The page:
I agree with you that the monotheistic worldview of Christianity elevated us above the natural world, and that this provided the legal system with the means to regulate the exploitation of the earth´s resources. I think both the belief in materialism and progress can be associated – indirectly – to the Christian worldview. However much the Enlightenment reduced its power and gradually replaced it with a scientific worldview, it didn´t end the attitude of feeling evaluated above the natural world.

You mention the tremendous power of governments and corporations these days. I also acknowledge the existence of this power. Yet I think we don’t have to choose between struggling against these powers or ´speaking up for Mother Earth´. We can – and must – do both at the same time. By the way, what a coincidence you mention Thomas Berry! In my new blog about the Rights of Mother Earth – put online today – I mention the book ´Wild Law´, written by Cormac Cullinan. This author was strongly influenced by Berry, who even has written the foreword to it.

Kevin Walsh

I can't resist making further comments on your post...myths, law, our relationship to the world, they are a fascinating mix! There's echoes of the philosophy of Berry in your post, and the tacit acknowledgement [by him at least] that creation myths in Christianity facilitated the subjection of the environment to the needs of man. Language evolves, so it is difference to be precise about meanings, but I think that there is a distinct difference between the myths of the earliest peoples, in which the spiritual and the material worlds interchange freely, and the dogmatic myths on monotheistic religions, in which man is elevated above the natural world. Over time, the legal system [ours, for example], regulated, in transactional terms, human exploitation of the resources of the earth - because it is seen as belonging to us. It is hard to see how this can now change without a shift in the values of the power brokers in our human world - governments and the big corporations are where the action is. These will only change when their self-interest is threatened, and that is why the brinkmanship at the successive climate change conferences persists. I think it is more effective to persuade them of the threats to their self-interest than to create a counter-balance of those of us who would speak up for Mother Earth.
I also was a bit uneasy about your characterisation of "materialism" and "progress" as modern myths - aren't those "values" of modern society rather than myths?

Wim Bonis

Dear Kevin,

Thanks a lot for your reaction. I agree with you that we can´t contain the world of myth in the concept of law. But I think we don’t have to. If only we can take the world of myth more seriously and through that – at the same time – can let go completely of our long assumed superiority toward so-called ‘savage’ societies (including our own ancestors), this will definitely have a positive effect on the kind of laws we create.

Taking myth seriously doesn’t mean we should all start familiarizing ourselves again with the half-forgotten mythologies of the far past (although this can be a very enjoyable and inspiring experience!). It means we should acknowledge that in the Western world we haven’t freed ourselves at all from (the power of) myth – myth in the sense of underlying powerful stories that give meaning to important facets of life. Although it is often not recognized as such, our lives are still very much driven by it. There still is, for instance, the myth of materialism: the conviction that the world is essentially a material world and that our happiness depends on the amount of material possession we can gather for ourselves. And there still is of course the myth of progress: the conviction that through the use of reason our ‘civilised’ society has successfully moved away from ‘savagery’ and that – continuing on this road – it will only get better.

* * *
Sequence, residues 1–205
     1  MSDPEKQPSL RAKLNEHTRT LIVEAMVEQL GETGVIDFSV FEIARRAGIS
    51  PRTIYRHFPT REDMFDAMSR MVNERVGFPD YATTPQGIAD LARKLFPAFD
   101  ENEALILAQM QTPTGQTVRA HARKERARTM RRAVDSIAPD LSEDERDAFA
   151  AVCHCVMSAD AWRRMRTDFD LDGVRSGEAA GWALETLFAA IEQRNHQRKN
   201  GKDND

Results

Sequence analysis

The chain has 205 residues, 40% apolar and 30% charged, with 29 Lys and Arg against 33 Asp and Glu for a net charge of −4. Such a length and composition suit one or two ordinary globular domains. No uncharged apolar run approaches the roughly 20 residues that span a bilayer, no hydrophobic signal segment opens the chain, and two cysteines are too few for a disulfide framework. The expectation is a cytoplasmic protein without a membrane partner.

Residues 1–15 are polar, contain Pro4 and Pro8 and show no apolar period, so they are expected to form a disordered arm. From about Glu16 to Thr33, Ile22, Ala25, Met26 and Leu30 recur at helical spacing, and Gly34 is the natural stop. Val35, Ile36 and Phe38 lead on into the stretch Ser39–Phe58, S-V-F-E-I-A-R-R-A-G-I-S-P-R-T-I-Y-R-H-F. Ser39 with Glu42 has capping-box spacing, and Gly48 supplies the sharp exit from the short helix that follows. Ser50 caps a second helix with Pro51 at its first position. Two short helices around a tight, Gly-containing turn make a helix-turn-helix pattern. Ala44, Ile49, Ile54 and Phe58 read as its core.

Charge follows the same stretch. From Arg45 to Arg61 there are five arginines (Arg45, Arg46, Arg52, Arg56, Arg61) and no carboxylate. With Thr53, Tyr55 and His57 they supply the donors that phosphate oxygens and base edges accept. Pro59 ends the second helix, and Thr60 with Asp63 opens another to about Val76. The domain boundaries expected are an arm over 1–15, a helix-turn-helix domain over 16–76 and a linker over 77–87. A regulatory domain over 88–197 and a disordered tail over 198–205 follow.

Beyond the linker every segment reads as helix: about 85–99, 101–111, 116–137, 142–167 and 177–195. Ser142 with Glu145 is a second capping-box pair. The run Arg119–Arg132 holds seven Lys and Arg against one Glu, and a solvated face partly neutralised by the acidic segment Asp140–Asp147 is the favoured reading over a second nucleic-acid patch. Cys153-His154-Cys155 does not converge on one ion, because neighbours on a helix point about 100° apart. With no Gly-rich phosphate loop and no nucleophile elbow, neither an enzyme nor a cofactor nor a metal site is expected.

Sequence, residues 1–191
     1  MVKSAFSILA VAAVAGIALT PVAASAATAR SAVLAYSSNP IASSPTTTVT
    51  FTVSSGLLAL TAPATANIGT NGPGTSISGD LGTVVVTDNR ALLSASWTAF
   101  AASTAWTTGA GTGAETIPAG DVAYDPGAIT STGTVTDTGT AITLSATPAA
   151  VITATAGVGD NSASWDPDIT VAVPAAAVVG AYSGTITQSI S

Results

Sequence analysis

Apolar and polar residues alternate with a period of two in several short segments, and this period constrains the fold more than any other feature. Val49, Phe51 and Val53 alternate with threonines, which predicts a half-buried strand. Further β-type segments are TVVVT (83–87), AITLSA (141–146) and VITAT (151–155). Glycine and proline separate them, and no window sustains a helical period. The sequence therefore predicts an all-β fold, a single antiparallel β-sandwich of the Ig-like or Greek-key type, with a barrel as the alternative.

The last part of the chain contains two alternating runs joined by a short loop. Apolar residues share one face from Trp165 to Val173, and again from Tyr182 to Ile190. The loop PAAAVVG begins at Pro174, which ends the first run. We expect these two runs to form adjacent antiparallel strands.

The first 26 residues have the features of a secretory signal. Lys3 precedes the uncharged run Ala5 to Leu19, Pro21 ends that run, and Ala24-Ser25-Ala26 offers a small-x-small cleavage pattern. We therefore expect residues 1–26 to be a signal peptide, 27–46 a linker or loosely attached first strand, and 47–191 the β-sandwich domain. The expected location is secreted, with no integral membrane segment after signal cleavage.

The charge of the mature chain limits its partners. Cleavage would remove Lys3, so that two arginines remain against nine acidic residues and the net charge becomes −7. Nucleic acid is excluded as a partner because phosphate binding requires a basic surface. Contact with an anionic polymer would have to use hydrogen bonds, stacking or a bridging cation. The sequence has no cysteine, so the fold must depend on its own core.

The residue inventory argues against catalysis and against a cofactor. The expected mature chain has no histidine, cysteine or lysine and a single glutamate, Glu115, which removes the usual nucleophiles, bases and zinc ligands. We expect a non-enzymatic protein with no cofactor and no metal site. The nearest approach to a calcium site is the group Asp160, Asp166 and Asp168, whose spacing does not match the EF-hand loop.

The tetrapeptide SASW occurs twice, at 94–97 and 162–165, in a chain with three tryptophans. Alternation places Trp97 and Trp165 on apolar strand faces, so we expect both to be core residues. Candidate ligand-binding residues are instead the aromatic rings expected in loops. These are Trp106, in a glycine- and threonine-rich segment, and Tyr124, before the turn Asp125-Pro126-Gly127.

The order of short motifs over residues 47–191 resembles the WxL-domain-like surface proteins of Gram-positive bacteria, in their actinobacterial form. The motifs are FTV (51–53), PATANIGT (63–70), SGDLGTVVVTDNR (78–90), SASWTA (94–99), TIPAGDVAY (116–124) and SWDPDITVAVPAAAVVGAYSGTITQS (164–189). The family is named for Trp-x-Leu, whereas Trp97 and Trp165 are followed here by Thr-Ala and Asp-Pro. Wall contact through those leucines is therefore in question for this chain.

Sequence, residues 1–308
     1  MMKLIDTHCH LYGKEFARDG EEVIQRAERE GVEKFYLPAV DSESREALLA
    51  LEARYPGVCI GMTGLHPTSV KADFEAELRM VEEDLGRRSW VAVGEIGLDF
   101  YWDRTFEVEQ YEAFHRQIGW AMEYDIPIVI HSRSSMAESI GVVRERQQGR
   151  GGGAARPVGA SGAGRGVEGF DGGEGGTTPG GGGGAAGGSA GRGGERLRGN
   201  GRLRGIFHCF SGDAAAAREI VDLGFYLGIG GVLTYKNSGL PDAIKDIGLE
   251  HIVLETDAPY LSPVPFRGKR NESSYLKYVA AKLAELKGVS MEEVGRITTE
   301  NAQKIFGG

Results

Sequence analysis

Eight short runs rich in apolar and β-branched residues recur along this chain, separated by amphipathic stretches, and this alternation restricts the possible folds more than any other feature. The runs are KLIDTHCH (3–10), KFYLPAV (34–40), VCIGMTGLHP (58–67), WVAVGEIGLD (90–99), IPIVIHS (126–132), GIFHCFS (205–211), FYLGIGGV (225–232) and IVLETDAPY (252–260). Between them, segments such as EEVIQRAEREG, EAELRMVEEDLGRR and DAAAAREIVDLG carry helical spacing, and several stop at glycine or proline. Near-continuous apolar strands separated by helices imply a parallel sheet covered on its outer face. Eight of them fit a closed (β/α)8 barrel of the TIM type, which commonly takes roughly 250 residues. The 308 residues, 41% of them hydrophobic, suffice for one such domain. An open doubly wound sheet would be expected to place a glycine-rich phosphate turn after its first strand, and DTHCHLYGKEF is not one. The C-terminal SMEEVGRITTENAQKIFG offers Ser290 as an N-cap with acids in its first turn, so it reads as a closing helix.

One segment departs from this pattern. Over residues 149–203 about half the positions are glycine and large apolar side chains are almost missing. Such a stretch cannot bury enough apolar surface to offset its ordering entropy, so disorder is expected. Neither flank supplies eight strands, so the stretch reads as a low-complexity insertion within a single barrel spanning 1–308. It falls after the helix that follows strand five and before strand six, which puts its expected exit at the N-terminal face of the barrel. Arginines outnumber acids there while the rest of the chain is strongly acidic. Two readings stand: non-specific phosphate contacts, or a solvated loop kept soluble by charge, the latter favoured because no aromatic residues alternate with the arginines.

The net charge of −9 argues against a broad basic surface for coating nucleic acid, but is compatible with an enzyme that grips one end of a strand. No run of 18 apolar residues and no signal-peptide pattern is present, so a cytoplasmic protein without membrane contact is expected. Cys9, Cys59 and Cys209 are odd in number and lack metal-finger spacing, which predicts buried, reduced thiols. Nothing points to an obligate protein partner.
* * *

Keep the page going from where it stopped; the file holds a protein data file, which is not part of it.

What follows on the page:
Fortunately there are signs that these myths are gradually beginning to crumble. We don´t talk about ´savages´ anymore but address them more respectfully as ´indigenous people´, making us realise it now has become less a question of us civilising them as it is to allow them to civilise us. They might help us rediscover the importance of immaterial pleasures. They might also help us realise that our society can only become truly civilised when we take full count of the living non-human world around us, and even include it as much as possible. Or even better the other way around: when our society is included in the non-human world. Feeling fully taken up in this larger, all-encompassing world, being part of it, might inspire us to a more expansive worldview, and to creating new appropriate myths to support it.

This might lead not only to the creation of better human rights, but also to the creation of more and better animal rights, and – if we look a bit further – even to the creation of rights for Mother Earth, on whose health all our lives depend. In this way myth can genuinely help to expand the concept of law.

Kevin Walsh

Well, I am not sure it is possible to contain the world of myth within the any concept of modern law! In mythological stories, things happen that neither "natural" law nor western law can explain. The hero is unfettered by law and lives in a savage world where men must keep promises, even if it means losing their heads, and gods can break them. Myths retain an enduring attraction partly to their vitality and partly to their relevance to the human experience of the natural world, to life and to death. While laws are essential to the smooth running of our civilisation, I think it is a stretch to see them as the opposite side of the coin to a mythological world.